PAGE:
We now write a function to compute the derivative of log likelihood with respect to a single coefficient w_j. This function will accept five parameters: errors, feature, coefficient, l2_penalty, feature_is_constant and return derivative. The l2_penalty parameter is the L2 penalty constant. The feature_is_constant parameter is a Boolean value indicating whether the j-th feature is constant or not

In [10]:

```
def feature_derivative_with_L2(errors, feature, coefficient, l2_penalty, feature_is_constant):
derivative = np.dot(errors.transpose(),feature)
if not feature_is_constant:
derivative -=2*l2_penalty*coefficient
return derivative
```

To verify the correctness of the gradient descent algorithm, we write a function for computing log likelihood (which we recall from the last assignment was a topic detailed in an advanced optional video, and used here for its numerical stability), which is given by the formula $$ ll(w) = \displaystyle\sum_{i=1}^{N} \Big((1[y_i = +1]-1)w^T h(w_i)-ln(1+exp(âˆ’w^T h(x_i)))\Big)-\lambda ||w_j||_2^2 $$

In [11]:

```
def compute_log_likelihood_with_L2(feature_matrix, sentiment, coefficients, l2_penalty):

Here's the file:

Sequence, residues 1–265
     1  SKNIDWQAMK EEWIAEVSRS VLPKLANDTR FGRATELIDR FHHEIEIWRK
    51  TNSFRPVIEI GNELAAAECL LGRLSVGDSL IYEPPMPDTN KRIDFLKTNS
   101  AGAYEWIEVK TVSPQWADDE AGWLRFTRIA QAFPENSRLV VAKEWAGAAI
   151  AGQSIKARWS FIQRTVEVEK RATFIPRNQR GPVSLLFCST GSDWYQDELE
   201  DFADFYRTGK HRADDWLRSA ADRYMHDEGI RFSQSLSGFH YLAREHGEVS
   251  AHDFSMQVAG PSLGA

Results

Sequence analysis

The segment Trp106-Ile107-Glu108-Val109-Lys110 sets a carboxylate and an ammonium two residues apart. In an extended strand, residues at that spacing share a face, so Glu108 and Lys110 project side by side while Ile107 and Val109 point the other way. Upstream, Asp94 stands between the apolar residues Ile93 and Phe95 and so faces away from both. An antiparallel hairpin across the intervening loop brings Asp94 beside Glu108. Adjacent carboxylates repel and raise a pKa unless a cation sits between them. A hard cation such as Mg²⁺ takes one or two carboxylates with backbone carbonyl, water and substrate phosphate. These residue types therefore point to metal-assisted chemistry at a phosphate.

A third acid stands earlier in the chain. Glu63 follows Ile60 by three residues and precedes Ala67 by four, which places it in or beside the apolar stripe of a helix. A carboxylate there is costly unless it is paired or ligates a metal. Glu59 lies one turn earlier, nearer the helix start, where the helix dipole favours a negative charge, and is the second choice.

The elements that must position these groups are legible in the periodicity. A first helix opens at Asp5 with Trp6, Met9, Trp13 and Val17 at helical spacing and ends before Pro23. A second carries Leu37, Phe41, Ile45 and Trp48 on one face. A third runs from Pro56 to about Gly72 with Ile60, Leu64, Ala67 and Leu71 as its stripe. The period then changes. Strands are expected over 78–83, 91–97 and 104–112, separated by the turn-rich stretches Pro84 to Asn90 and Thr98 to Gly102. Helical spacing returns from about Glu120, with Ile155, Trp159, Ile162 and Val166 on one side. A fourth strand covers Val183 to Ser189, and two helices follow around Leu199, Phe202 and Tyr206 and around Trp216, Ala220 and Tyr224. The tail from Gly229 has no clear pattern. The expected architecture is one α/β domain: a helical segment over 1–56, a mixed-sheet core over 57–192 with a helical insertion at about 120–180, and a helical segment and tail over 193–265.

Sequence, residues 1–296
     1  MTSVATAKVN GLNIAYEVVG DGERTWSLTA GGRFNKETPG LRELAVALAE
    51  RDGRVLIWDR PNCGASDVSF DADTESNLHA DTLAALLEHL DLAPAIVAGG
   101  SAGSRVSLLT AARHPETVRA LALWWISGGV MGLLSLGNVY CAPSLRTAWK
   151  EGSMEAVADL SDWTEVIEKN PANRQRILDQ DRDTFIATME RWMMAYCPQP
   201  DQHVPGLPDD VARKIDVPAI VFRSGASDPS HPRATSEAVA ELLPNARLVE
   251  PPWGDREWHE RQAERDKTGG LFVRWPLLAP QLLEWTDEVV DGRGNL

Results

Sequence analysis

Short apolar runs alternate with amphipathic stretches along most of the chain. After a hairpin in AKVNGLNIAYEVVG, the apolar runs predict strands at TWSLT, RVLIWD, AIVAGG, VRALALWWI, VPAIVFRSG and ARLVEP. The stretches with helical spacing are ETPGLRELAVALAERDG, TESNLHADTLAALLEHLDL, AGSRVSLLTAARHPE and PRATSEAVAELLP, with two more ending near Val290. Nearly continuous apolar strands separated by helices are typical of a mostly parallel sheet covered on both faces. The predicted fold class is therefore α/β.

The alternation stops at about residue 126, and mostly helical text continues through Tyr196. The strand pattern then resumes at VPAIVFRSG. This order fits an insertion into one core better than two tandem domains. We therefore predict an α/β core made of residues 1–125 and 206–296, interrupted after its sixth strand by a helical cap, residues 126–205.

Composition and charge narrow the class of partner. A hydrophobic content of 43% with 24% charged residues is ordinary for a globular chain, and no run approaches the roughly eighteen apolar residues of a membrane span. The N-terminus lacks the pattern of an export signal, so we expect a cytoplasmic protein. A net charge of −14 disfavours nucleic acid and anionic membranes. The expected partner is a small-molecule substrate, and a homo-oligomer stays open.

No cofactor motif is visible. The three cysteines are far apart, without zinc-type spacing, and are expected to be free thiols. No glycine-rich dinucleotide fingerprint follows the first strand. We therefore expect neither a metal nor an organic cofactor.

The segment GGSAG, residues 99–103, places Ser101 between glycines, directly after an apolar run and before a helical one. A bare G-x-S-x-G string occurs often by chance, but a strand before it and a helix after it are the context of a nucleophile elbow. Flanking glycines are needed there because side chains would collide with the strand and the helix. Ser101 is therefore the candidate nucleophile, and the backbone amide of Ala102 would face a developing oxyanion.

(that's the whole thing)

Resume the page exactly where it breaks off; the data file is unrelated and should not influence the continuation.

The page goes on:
indicator = (sentiment==+1)
scores = np.dot(feature_matrix, coefficients)
lp = np.sum((indicator-1)*scores - np.log(1. + np.exp(-scores))) - l2_penalty*np.sum(coefficients[1:]**2)
return lp
```

We now write a function to fit a logistic regression model under L2 regularization. The function should accept the following parameters:

- feature_matrix: 2D array of features
- sentiment: 1D array of class labels
- initial_coefficients: 1D array containing initial values of coefficients
- step_size: a parameter controlling the size of the gradient steps
- l2_penalty: the L2 penalty constant \lambdaÎ»
- max_iter: number of iterations to run gradient ascent

The function returns the last set of coefficients after performing gradient ascent.

The function carries out the following steps:

- Initialize vector coefficients to initial_coefficients.
- Predict the class probability $P(y_i=+1|x_i,w)$ using your predict_probability function and save it to variable predictions.
- Compute indicator value for $(y_i = +1)$ by comparing sentiment against +1. Save it to variable indicator.
- Compute the errors as difference between indicator and predictions. Save the errors to variable errors.
- For each j-th coefficient, compute the per-coefficient derivative by calling feature_derivative_L2 with the j-th column of feature_matrix. Don't forget to supply the L2 penalty. Then increment the j-th coefficient by (step_size*derivative).